I’m wrapping up my first year of a PhD program in sociology at Indiana University Bloomington. I recently ran into a problem for which an online search did not produce quick answers.
While the grad school experience varies substantially by discipline, most students share something in common: there’s a lot to read! I found the reading itself manageable, but the growing piles of articles became untenable. I wanted to be able to easily access what I had read, and not lose the value of the highlighting and note taking I had done. I experimented with filing systems, but as the number of articles grew it became clear that I would not be able to find things as quickly as I would like. I also felt increasingly concerned about the environmental impact of my mountains of paper. I even realized that I had double printed a couple of articles (they had been assigned in more than one class).
I tried to figure out what other people were doing with their readings. I wanted to find a way to read, highlight, and take notes conveniently, keep track of what I had read, and be able to move towards instant access. I asked a couple of people, but they seemed to have run into a lot of the same problems. A lot of people also printed out their articles. It sounded like they tended to either eventually put their articles in boxes or recycle them. Some people read on a computer or tablet. These people talked about sorting their PDF files into numerous files on their computer or using a program like Papers on their iPad.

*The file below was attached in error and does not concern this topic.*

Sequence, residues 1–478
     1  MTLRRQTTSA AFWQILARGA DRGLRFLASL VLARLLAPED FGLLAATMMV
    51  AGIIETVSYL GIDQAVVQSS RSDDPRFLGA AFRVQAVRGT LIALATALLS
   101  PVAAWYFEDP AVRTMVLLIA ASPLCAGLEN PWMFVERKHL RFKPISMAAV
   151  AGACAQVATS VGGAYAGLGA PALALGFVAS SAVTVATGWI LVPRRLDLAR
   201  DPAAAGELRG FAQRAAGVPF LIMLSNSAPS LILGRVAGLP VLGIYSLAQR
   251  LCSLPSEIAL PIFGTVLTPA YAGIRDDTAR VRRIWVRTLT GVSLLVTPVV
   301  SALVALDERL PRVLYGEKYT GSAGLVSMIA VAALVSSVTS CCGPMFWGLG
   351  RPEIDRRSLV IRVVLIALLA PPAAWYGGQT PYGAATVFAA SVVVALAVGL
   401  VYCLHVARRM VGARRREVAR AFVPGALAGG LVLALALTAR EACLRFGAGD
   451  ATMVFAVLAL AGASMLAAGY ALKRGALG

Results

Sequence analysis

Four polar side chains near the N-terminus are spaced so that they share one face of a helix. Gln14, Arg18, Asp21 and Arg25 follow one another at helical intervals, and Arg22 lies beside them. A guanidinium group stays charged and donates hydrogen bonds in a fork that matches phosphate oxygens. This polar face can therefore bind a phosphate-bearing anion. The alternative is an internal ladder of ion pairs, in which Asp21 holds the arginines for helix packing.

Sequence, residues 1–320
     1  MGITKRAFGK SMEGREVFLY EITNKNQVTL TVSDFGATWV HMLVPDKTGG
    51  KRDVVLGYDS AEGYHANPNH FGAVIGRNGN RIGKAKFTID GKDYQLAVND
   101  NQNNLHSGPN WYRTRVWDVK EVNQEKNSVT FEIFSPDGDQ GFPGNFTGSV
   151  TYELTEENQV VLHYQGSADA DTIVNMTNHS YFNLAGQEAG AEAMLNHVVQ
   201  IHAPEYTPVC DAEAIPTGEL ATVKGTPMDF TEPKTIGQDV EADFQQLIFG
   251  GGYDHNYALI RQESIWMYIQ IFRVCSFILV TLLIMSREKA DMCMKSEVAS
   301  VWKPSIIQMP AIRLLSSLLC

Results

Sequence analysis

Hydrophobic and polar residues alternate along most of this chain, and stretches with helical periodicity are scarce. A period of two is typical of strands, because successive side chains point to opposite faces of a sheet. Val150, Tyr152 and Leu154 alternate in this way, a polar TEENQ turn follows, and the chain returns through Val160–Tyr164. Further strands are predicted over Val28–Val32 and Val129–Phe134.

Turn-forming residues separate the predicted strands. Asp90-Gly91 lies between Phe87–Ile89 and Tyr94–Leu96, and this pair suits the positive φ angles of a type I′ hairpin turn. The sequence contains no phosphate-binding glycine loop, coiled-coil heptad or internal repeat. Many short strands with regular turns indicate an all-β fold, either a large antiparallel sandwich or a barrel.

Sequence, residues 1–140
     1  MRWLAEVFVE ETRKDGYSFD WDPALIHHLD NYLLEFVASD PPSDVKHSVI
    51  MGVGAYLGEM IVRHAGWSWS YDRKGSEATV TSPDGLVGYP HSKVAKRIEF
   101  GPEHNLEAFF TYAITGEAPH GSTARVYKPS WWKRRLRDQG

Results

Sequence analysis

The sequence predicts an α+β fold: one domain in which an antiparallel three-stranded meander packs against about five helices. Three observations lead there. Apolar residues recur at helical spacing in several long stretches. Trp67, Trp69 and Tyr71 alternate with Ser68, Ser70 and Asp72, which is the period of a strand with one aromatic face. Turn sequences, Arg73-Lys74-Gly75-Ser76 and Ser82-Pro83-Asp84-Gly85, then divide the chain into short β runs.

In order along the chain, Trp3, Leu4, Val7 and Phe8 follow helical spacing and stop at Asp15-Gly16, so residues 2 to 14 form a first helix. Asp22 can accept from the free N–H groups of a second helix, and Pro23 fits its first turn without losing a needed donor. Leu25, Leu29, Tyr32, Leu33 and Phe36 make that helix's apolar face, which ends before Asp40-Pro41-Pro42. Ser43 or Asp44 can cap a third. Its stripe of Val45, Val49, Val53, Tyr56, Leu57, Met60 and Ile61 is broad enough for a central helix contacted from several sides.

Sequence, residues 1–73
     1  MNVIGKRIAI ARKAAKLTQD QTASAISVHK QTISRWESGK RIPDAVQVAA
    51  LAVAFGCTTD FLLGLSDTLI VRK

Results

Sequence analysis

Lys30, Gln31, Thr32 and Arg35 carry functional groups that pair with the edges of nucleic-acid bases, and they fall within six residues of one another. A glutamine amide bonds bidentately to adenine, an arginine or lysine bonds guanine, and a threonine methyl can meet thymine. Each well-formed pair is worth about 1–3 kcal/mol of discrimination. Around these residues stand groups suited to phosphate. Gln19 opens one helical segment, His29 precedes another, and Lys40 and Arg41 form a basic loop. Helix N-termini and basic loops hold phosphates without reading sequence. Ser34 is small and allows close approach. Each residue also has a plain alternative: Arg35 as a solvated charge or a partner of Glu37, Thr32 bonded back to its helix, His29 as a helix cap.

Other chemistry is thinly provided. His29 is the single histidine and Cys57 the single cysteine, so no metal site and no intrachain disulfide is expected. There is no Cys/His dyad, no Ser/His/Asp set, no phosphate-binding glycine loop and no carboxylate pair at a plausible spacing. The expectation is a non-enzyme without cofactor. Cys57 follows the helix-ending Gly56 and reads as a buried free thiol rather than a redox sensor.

I decided to digitize. I wanted to find a free PC program that would manage my documents, sync them across multiple machines, provide good highlighting and note taking support, and replace EndNote as my citation program. I also hoped that it would allow me to do full-text searches on my articles so that I could find that article by that person who mentioned that one thing. My online searches kept leading me back to Zotero. It seemed good, but not perfect. The free online storage was limited and I wasn’t sure how I felt about the program as a whole when I tried it.
I continued my search and eventually found a forum response that mentioned a free program called Mendeley. I looked it up, tried it out, and became a believer. It had more free online storage than Zotero, and it fulfilled all of my wishes completely. Now my readings are tagged, organized into folders (sometimes more than one), and I can even do full-text searches (which can be limited to particular folders or include the whole library). It automatically finds metadata on the articles when I import them (though not flawlessly), and I can access my readings from multiple devices (or even on the web from computers in the lab). There is even a button which allows me to keep track of which articles I’m done with and which I still need to read.
I did wish that the highlights and notes made in the program were written onto the files themselves in case I were to ever switch programs. However, there was a simple workaround. Right-clicking the files in the program reveals an option to open the file externally. I then use Adobe to read and mark up the files which are linked to my Mendeley library.
I encourage you to try Mendeley. You may give up the piles of printed articles or the individually made folders on your computer. To give you a taste of what the program is like, here are a couple of screen shots: